Mix all ingredients, except powdered sugar, together until mixed well and crumbly.  Make tiny balls (about the size of a large marble) and place on ungreased cookie sheet.  Bake in a preheated oven at 325° for 20 minutes, or until the bottoms of the cookies are light brown.  Pour powdered sugar in gallon-size Ziploc bag, set aside.  Transfer cooked cookies on cooling rack.  When cookies are almost cool, place in bag with powdered sugar, a few at a time.  Shake to cover cookies in powdered sugar.

December 3, 2010

Date Balls

'Tis the season for making lots of treats.  So I'm going to post a few of my favorites over the next couple of weeks. 

My mother-in-law makes these date balls every Christmas, and I just love them.

Date Balls

Printable Version

1/2 cup melted butter (cooled)
1 beaten egg
1/2 cup sugar
1/2 pound chopped dates (1 3/8 cup)
1 tsp vanilla
2 cups rice krispies
1/2 cup finely chopped pecans
grated coconut

Mix butter, egg, and sugar together in a small bowl.  Pour into frying pan, along with dates, and heat for 10 minutes, stirring constantly.  Remove from heat.  Add vanilla, rice krispies, and nuts.  Roll into small balls, with buttered hands, then roll in coconut.

December 2, 2010

Wheat Grinders

The most common way to use wheat is as flour.  But in order to do so you need a wheat grinder.  Wheat grinders are a little pricey but worth it.  It is a lot more expensive to buy wheat flour than to buy wheat and grind it yourself, so the investment pays for itself quickly.  And of course you want to use wheat flour, because it is a lot healthier than white flour.  (More coming on that soon.)
I have two wheat grinders: a manual grinder, and an electric.  I don't use the manual one very often, because it takes a long time, and manual labor, to grind the wheat.  But I have it in case of emergencies.  They cost less than $100, most around $60.  I have seen them on sale for around $40.

I love my electric grinder, when I use it correctly.  I have a Blendtec K-Tec Wheat Grinder.  I bought it several years ago because a friend recommended it to me.  She had one, and her mom had one that she used for 15 years before she had to get a new one.  The other reason I chose this grinder is because of the price.  I bought it for less than $200.  Most electric wheat grinders cost closer to $300.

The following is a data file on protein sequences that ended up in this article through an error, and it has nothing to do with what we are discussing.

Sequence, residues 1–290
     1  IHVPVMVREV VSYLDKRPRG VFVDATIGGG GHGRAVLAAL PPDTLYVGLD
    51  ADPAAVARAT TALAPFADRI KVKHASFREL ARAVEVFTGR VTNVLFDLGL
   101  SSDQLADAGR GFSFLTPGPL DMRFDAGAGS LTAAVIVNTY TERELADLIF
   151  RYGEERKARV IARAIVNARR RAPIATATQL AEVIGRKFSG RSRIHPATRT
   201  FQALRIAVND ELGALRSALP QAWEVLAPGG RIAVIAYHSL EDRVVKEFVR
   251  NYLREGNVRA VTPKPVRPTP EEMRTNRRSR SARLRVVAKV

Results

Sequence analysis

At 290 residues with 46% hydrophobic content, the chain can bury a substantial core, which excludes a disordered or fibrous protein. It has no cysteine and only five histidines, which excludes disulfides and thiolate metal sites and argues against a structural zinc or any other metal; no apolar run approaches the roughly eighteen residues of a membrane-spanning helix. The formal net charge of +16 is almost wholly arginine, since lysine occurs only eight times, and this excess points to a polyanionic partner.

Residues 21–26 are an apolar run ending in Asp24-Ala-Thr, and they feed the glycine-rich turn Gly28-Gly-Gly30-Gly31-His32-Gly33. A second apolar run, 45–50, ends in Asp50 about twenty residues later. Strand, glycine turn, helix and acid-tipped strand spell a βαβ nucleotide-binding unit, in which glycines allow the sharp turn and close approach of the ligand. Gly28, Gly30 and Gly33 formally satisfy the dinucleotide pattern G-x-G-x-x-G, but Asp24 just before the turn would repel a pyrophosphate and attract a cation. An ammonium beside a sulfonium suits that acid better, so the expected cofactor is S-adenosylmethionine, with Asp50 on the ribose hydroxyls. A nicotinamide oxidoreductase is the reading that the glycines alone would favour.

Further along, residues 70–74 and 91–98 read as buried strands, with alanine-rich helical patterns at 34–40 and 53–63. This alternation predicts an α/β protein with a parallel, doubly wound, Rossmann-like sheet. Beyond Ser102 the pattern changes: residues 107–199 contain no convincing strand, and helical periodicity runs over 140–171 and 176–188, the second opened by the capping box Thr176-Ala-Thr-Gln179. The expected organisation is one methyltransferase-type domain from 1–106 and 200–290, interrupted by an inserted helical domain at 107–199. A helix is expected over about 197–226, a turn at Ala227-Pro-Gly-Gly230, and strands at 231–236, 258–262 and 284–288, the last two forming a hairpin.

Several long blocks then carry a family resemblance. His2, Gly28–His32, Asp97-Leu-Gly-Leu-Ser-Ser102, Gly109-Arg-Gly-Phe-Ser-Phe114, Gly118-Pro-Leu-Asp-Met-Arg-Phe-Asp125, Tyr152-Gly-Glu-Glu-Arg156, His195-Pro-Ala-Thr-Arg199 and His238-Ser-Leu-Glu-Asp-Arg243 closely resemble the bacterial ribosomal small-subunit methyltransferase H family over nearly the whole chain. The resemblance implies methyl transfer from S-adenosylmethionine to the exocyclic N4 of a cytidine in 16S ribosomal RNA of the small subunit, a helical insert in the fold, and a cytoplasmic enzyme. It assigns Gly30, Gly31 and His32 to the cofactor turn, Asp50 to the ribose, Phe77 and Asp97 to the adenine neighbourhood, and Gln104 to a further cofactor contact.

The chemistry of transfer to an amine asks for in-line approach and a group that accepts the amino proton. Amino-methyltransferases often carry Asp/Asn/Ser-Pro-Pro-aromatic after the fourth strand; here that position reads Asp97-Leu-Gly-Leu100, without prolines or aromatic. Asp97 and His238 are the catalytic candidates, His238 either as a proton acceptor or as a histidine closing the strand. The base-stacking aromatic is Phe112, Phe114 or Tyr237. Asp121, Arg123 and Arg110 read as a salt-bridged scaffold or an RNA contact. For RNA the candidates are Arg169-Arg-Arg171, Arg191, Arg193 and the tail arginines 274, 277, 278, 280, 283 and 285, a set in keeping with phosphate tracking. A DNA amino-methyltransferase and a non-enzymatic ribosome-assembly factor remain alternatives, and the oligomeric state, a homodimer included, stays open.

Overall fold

I made the comment that I love my grinder when I use it correctly.  The reason I say that, is because I have not used it correctly two or three times, and I have had wheat flying around.  One time I did not put the lid on all the way, and so the wheat was flying out instead of into the holding container.
Since buying this grinder, I have found this video, and this video that I would recommend watching if you would like more information on this wheat grinder.

Coming Up:  Using wheat flour in your recipes.

November 27, 2010

Purchasing and Storing Wheat

You can purchase wheat from a variety of locations.  I have purchased 45 pounds of wheat in buckets from a local grocery store (Macey's), and 25 pound bags and #10 cans of wheat from Home Storage Centers (LDS Canneries).  When I buy the 25 lb. bags, I pour them into 5 gallon buckets with Gamma Lids attached. 
I love Gamma Lids.  They are air-tight, and easy to open and close, and install onto buckets.  The usual price is around $8, but I have bought them several times on sale for less than $5.  I have even seen them less than $4 a few times.

November 24, 2010

Variety in Food Storage

I found this article about cooking from scratch.  She gives a list if ingredients needed to cook different items from scratch.  How you can start with flour, milk, salt, baking powder, and oil and make several recipes.  When you add more ingredients, you can make more foods.  The same thing applies with food storage.  The more different ingredients you store, the more foods you'll be able to make.  If you do have to live strictly off of your food storage, variety will be key.  Therefore, store a variety of foods.

November 22, 2010

Emergency Car Kits

I have been asked to do a post about emergency car kits.  This is especially important now as the weather grows cold, and there may be snow in your area.

You can keep your car kit in a backpack or duffel bag in your trunk.  You may purchase a car kit, or you can create your own.  It should include the following items:
  • Jumper Cables
  • Water
  • Food
  • Radio
  • Flashlights
  • Batteries
  • First Aid Kit (including medications)
  • Tools
  • Kitty Litter (in winter)
  • Shovel
  • Blankets
  • Emergency Candles
  • Matches
  • Extra set of clothes, boots
  • Diapers (if you have a young child)
  • Cloth in bright color (to attach to antenna if you are stranded)
  • Money 
Printable Version